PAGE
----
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Battle of Alberta re-ignited with Kassian, Tkachuk post-game shots –



CALGARY — Oh boy, how we’ve missed you, Battle of Alberta.

Fast, crisp, 4-3 hockey.

Big, edgy hits, with great quotes post-game.

And a hell of a fight… Oh, wait.

“He’s just a young punk that has to figure that aspect out in the game,” Edmonton’s Zack Kassian said of Calgary’s Matthew Tkachuk, after another Flames-Oilers game where Tkachuk played uber-physical yet refused an invitation to fight. “It’s sad because he’s a pretty good player but he’s a (expletive).”


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The truth is, Tkachuk is exactly what this latent rivalry has lacked for so long — a skating, hitting, turtling stick of dynamite that ignited the Battle of Alberta once again on Saturday. He tracked down Kassian in the first period and labelled him, sending Kassian’s helmet flying.

Then Tkachuk took a long, hard run at the Oilers winger in the second period, as Kassian came around the net and was engaged with a Flames defenceman. Kassian insisted he had no problem with being hit hard — “I love that stuff!” — but frowned on the fact Tkachuk would not engage him in a fight after the second hit.

“If you’re going to hit like that you have to answer the bell every once in a while. Especially one, two, three in the game,” said Kassian. “In the third he followed me into the corner, right? He’s clearly trying to target me, which I like. I’m standing here. I love that stuff.”

Kassian likes Tkachuk’s game — who doesn’t? He doesn’t approve of Tkachuk’s unwillingness to fight, questioning Tkachuk’s courage with a euphemism that has replaced the word “chicken” in the hockey vocabulary.

“It’s sad because he’s a pretty good player but he’s a (expletive), to be honest. Straight up. That’s the definition of it. Wouldn’t fight me two years ago. Said I was a fourth-liner. Now I have 13 goals.

“What’s the excuse now?”

The worst part for Edmonton? Kassian received a double-minor, the Flames made it 4-3 with a power-play goal 39 seconds into the third period, and the Oilers couldn’t muster another goal.

So, Dave Tippett, should Kassian have come up swinging after that hit?

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“I’d like to see him get a number,” the Oilers head coach said. “You’re in a tight game, it’s 3-3, get a number and deal with it later. Deal with winning the game.”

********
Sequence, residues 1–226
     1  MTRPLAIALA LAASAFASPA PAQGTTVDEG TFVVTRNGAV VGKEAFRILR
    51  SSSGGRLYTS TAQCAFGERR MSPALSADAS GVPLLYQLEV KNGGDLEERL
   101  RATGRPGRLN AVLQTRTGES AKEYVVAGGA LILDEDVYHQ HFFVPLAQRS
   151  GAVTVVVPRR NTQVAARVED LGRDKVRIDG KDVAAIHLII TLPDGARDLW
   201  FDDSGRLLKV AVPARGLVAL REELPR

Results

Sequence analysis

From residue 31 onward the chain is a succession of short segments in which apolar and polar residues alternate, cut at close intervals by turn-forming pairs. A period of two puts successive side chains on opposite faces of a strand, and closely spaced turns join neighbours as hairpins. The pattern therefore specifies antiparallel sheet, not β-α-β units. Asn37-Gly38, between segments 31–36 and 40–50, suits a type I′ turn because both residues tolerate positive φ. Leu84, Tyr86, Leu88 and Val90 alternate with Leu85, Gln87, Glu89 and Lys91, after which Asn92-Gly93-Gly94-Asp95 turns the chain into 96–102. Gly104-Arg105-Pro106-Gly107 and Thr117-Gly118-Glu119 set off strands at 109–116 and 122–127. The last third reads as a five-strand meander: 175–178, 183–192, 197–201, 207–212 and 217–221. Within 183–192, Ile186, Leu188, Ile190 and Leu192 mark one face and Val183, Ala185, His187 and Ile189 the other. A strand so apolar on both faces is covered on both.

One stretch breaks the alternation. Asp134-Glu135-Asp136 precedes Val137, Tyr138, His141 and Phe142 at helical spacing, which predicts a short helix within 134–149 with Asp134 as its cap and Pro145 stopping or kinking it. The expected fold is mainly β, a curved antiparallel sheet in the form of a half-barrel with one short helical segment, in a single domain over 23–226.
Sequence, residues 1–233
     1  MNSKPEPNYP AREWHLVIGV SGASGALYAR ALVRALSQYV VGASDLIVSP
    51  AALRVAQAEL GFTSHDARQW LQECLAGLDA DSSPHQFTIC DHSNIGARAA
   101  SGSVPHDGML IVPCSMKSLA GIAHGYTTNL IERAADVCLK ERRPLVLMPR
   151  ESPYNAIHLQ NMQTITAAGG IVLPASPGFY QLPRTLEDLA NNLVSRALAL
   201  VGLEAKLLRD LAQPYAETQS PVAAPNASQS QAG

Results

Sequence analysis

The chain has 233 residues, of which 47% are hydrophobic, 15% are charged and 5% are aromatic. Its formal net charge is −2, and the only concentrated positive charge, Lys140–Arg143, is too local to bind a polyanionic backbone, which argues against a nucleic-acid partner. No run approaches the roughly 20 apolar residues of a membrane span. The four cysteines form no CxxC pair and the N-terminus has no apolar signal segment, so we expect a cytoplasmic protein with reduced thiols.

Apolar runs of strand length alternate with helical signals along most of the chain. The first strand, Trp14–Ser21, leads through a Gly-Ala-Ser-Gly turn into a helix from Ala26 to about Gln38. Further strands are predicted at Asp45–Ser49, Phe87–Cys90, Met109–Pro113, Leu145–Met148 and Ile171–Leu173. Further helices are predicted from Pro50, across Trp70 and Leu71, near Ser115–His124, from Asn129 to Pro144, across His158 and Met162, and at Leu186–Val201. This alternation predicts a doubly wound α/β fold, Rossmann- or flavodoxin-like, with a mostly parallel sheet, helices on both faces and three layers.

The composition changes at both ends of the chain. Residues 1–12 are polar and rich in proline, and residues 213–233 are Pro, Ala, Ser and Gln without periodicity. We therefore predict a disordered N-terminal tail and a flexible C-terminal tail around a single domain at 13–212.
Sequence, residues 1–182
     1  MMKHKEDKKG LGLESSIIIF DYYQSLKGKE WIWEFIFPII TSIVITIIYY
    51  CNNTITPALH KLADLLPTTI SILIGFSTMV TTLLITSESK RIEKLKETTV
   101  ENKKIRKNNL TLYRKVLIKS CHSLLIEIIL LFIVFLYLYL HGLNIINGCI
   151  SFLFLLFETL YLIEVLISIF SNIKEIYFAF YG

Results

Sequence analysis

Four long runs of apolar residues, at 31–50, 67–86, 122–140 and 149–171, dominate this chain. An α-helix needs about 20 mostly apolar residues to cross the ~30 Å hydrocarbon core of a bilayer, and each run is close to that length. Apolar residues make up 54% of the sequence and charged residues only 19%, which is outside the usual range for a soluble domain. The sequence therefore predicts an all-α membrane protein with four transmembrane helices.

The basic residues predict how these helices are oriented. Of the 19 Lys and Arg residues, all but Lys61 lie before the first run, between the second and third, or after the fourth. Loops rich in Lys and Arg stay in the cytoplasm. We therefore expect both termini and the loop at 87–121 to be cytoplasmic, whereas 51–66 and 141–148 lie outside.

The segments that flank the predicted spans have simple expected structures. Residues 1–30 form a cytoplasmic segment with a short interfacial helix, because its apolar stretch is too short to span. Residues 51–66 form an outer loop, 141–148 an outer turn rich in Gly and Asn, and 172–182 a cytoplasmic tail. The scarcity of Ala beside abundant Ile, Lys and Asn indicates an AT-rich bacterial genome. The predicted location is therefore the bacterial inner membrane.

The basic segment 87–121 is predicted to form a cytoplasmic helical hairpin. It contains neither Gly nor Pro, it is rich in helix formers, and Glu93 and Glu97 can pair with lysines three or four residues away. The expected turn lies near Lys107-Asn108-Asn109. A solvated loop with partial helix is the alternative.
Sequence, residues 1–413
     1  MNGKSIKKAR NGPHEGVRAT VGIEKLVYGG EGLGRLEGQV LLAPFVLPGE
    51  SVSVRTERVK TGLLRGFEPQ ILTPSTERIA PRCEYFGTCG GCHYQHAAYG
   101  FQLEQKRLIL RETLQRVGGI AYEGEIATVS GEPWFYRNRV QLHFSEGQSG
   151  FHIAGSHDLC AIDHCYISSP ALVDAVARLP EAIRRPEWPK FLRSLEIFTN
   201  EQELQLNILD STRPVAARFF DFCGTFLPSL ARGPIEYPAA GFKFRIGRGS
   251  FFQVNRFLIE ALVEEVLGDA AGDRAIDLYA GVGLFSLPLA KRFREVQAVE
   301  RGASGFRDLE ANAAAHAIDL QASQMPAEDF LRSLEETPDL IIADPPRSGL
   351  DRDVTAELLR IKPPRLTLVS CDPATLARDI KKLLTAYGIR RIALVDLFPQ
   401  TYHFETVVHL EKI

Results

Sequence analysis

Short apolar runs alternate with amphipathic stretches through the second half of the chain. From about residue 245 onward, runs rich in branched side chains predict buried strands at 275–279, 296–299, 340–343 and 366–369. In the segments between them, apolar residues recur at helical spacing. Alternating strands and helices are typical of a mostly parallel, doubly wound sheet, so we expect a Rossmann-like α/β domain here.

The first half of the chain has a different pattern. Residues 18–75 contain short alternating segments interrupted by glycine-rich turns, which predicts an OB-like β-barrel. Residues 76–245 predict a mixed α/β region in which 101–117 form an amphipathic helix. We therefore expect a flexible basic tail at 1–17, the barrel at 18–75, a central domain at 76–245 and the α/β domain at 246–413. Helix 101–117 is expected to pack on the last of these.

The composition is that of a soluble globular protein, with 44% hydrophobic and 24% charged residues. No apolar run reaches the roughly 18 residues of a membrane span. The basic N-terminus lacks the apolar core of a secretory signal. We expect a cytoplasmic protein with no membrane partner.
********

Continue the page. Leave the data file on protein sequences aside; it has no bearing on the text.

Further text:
Then he added. “I wish we could have killed the penalty for him.”

There won’t be a player on this Oilers team who will speak ill of Kassian, a player who protects all of them on the few occasions such actions are required in today’s game. Now, as Tkachuk shows us, pretty much everything we’ve come to know about honour among big men is nonexistent in today’s NHL.

What are our thoughts? Glad you asked.

The hit that caused Kassian to come up swinging is sneaky dirty — which we are fine with, because it didn’t injure anyone. But when you track a player coming around the net, who is engaged with a checker, and you meet him on the other side with a huge hit, well, that is a hit the league has actively tried to remove from the game.

“It’s like Raffi Torres-style,” Kassian said. “If you’re going to hit like that you have to answer the bell once and a while. I’m not the first guy to say that.”

Personally? I’m fine with the hit, despite the league’s wishes. It wasn’t a head shot and Tkachuk didn’t leave his feet.

But if you’re going to throw the hit, and continually label the biggest man on opposition, one should engage that player when he comes up fighting.

If you want any respect from your fellow players, that is.

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Or the referees, who declined to throw Kassian out of the game because they know the game within the game. Or the linesmen, who allowed Kassian to rag-doll Tkachuk, raining 10 unanswered punches on the Flames winger while he tried to protect his head, gloves cemented on.

“I’d have liked to have seen the linesmen get in there a little earlier,” said Flames interim head coach Geoff Ward.

He’d never say it, but we’re betting he wouldn’t mind seeing his young gun show a little more honour. But whatever — the Battle of Alberta has always been at its best when no one cares about honour or codes, or what anyone on the other team thinks about them.